I agreed to download Windows 10 and now it is downloaded and ready. I want to be able to control when it installs, possibly weeks from now. I'm currently on Windows 7.

I have been prompted with an option to choose which one of the next 3 days I would like the installation to happen on. There was no option to postpone it for longer, so I picked the third day.

However it seems like it will install the next time I restart, and I don't want that to happen. (see screenshot)

How can I cancel the upgrade?

Your upgrade to Windows 10 is ready


4 Answers 4


If you go to the Optional updates under Windows 10, you can right-click on that specific update to Windows 10 and select "Hide Update".

That should make it so you don't see it for now, and then you can just un-hide it later.


How to Fix Infinite Windows 10 Reinstalls After Rollback From a W7/W8 W10 "Upgrade"

I just had a client who unwittingly allowed W10 to "upgrade" her W7 system. She asked me to roll W10 back to W7 because W10 was so fundamentally broken and slow it was unusable. Here's my story of that rollback.

First, the W10 All Settings menu was broken right from the get go after the W10 "upgrade", so until I fixed that, it was impossible to access Update and Security to perform the rollback.

Looking at Event Viewer, every time I tried to open All Settings, SynTPEnh.exe, one of the Synaptics touchpad driver helper programs, crashed.

Figuring that was causing the problem, I removed the Synaptics touchpad item from add/remove. For good measure, while I was at it, I removed Norton, figuring that might be problematic, as well as a few other applications like icloud, quicktime, and itunes, figuring they would be restored during the rollback anyway. Turns out that was a HUGE mistake though the rollback would have been impossible without removing at least the Synaptics software.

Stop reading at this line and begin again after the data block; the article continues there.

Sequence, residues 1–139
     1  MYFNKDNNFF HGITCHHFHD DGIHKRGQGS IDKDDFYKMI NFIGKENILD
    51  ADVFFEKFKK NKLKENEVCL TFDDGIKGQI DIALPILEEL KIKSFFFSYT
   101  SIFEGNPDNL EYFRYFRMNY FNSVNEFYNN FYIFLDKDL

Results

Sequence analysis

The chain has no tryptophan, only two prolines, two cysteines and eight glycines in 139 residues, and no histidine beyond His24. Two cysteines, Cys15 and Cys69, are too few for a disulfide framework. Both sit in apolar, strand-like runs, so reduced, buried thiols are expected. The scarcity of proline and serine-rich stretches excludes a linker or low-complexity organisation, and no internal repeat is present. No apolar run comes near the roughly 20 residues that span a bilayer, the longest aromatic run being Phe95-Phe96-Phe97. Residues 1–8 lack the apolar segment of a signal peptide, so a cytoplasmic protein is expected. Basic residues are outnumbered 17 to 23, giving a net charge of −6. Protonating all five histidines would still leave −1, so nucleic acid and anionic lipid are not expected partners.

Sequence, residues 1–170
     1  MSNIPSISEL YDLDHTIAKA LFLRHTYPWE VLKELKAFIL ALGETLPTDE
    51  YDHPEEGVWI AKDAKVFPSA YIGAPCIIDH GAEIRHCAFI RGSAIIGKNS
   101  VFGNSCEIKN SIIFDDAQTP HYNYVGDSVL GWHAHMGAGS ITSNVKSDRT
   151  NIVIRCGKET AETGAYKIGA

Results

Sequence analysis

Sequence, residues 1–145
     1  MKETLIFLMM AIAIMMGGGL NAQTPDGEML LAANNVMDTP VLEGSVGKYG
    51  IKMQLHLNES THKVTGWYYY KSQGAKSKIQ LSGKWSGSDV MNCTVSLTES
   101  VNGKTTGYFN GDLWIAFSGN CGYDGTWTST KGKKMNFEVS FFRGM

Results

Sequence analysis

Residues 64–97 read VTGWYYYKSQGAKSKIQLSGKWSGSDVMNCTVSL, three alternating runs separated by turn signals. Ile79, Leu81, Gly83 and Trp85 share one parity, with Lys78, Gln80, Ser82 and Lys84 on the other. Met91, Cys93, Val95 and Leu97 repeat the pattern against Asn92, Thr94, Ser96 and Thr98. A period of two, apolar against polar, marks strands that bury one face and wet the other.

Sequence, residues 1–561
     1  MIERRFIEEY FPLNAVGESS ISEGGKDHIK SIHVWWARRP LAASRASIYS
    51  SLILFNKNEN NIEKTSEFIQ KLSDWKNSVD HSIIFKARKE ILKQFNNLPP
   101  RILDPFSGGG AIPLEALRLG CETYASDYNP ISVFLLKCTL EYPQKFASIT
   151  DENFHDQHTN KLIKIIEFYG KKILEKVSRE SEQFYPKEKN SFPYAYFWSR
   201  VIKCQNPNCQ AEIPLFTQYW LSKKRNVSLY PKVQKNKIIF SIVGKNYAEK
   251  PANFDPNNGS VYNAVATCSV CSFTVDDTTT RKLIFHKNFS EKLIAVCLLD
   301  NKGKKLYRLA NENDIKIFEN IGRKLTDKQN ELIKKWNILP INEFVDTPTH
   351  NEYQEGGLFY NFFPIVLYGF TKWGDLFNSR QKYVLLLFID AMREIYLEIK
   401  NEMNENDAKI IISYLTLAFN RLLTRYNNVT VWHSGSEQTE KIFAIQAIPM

At any rate, after rebooting after removing all of this stuff, All Settings started functioning for the first time, and I could perform the rollback with Update and Security.

And then the nightmare began.

First, rolling back did not undo the original W10 reservation, so no matter what I did, I could not keep W10 from redownloading and reattempting to reinstall. Searching the web, I found no solution, but did find MANY people nearly in tears with the same problem. Looking at how all this works, it looks to me like probably everyone who rolled back from W10 is going to find that their reservation does not get cancelled and that W10 is going to attempt to reinstall forever.

But I finally came up with a solution that I think should work to solve this problem for everyone.

  1. Make a Restore Point for insurance.

  2. From the Start Menu -> All Programs -> Accessories, start a cmd window in Administrative mode by right clicking Command Prompt to expose the context sensitive drop down menu and left click on "Run as Administrator". Leave the cmd window open for subsequent commands, and after each reboot, immediately reopen cmd in Administrator mode like this for subsequent commands.

  3. Set automatic updates to Never check for updates: cut & paste into the open cmd window:

REG ADD "HKLM\SOFTWARE\Microsoft\Windows\CurrentVersion\WindowsUpdate\Auto Update" /v AUOptions /t REG_DWORD /d 00000001 /f

  1. Disable and stop the Windows Update service (wuauserv): cut & paste into the open cmd window:

sc config wuauserv start= disabled

(note that the space after "=" is critical)

When that's done, cut and paste into the open cmd window:

net stop wuauserv

  1. Now remove KB3035583: cut & paste into the open cmd window::